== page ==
Britain announces early withdrawal of troops

The United Kingdom announced on Monday, November 14, the early withdrawal of its soldiers currently stationed in Mali, highlighting in particular the junta’s use of the Russian paramilitary group Wagner. “The British contingent will leave [la mission de la paix de l’ONU] earlier than expected”said the Secretary of State for the Armed Forces, James Heappey, before the House of Commons. “We must be clear that the responsibility for all this lies with Bamako”he added, referring to the rapprochement of the junta in power since 2020 with the paramilitary group Wagner, which is reputed to be close to the Moscow regime.

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“The Malian government’s partnership with the Wagner Group is counterproductive to long-term stability and security in the region.” The British Government “cannot deploy the national army to provide security when the host country’s government is unwilling to work with us to create lasting stability and security”insisted Mr. Happy.

Almost 300 British soldiers have been present in Mali since the end of 2020 as part of the deployment of Minusma, the UN mission launched in 2013 to stabilize the security situation in a country plagued by jihadist attacks. The engagement was to last three years, but faced with increasing instability, London decided to anticipate the withdrawal of its troops, who were due to leave the country within the next six months, according to the Ministry of Defence.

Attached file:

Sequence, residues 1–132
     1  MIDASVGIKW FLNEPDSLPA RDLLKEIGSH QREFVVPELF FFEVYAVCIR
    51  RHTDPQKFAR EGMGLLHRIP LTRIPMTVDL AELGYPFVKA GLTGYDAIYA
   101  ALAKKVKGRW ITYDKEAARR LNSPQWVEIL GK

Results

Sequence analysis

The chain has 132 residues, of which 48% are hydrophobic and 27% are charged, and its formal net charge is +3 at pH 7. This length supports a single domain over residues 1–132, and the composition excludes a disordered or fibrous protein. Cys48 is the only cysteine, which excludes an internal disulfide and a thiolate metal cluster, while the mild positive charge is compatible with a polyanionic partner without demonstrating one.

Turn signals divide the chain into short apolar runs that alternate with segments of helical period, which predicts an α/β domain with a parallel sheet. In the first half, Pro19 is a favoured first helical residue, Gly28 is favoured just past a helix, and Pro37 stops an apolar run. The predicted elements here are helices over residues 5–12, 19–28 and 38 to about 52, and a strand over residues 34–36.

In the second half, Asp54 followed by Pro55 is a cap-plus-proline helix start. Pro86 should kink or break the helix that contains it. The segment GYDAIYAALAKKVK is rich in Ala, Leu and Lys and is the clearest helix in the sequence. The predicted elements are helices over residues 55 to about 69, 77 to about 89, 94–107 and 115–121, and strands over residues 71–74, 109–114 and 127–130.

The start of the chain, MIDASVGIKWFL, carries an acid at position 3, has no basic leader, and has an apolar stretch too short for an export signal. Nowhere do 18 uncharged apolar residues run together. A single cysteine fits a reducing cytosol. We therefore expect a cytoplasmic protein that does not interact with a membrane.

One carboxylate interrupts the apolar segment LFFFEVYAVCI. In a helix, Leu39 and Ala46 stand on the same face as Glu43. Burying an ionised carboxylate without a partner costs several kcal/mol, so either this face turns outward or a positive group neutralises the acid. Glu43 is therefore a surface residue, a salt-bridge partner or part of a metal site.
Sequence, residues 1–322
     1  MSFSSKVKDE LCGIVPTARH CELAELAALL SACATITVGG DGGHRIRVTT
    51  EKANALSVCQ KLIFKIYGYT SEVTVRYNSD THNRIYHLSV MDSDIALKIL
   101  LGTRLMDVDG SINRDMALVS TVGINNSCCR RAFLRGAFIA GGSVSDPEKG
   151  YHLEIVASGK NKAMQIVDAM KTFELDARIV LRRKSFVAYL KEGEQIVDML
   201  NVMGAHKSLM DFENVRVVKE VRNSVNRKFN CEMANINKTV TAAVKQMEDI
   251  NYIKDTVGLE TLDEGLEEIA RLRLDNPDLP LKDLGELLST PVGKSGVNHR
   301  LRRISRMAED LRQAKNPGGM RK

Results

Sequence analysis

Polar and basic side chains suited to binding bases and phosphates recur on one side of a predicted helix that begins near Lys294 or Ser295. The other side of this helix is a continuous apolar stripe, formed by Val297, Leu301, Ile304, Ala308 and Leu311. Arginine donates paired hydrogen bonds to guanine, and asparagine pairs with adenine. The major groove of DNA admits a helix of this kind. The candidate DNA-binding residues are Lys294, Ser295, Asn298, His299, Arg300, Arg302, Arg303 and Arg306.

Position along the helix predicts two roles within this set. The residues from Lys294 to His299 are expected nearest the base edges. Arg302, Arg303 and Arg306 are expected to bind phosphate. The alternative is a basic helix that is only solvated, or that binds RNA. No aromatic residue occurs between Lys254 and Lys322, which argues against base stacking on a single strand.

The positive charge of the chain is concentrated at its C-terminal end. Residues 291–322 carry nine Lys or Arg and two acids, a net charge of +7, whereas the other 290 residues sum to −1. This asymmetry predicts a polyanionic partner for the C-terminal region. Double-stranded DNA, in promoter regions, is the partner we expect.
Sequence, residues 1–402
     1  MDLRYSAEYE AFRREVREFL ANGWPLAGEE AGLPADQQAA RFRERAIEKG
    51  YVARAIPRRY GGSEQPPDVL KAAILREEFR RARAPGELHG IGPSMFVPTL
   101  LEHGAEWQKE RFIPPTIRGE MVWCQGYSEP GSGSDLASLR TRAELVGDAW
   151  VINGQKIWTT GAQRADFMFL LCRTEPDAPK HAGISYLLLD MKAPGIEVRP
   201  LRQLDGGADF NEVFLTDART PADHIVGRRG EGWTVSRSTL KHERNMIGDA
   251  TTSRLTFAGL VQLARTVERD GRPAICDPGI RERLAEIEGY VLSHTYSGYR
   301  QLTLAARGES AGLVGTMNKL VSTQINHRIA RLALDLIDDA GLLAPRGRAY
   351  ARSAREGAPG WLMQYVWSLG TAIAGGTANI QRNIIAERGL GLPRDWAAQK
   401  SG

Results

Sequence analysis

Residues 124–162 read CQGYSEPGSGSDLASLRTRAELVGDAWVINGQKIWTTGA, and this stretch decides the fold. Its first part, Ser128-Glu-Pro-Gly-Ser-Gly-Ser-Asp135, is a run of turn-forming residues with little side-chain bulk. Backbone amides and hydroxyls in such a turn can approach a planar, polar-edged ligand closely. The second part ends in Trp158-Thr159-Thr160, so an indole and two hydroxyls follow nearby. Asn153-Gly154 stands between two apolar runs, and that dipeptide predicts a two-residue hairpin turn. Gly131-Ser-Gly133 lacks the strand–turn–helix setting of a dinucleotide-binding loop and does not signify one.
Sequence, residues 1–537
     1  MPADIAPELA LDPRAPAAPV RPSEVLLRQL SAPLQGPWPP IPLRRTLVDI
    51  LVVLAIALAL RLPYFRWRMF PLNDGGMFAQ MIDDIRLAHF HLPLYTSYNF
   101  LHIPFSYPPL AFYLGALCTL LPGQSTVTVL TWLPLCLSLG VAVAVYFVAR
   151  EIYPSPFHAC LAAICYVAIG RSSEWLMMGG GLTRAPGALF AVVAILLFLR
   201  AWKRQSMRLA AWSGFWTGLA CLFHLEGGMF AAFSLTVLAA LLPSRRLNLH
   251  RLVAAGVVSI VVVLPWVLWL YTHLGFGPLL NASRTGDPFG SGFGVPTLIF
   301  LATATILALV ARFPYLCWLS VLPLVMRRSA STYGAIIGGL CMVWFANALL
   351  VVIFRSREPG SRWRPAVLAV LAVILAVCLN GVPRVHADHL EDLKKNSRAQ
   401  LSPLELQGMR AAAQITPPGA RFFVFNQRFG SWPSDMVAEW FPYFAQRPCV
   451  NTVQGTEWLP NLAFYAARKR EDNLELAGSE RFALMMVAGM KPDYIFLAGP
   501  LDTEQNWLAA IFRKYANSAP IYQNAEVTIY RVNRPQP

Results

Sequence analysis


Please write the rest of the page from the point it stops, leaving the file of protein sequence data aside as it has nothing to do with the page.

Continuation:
Tight conditions

France, the main country intervening militarily in Mali – mainly through the soldiers of the “Barkhane” force – as well as its European partners announced in February their withdrawal from the country. The last French soldiers left Mali this summer after almost a decade of intervention. Relations between the Malian authorities – dominated since August 2020 by the military – and its partners, particularly the UN, have been strained in recent months. After pushing out the former French ally, the ruling junta repeatedly verbally attacked Minusma, whose mandate was renewed in June for a year.

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The withdrawal of British troops from Mali does not mean that the UK is completely turning away from its commitments in the region, the Secretary of State for the Armed Forces said. “We are working closely with our allies to explore options for rebalancing our deployment with France, the EU and other allies who share our values.said Mr Heappey. The UK will continue its engagement in Mali and the Sahel through our humanitarian, stabilization and development assistance, working closely with our partners. »

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The world with AFP

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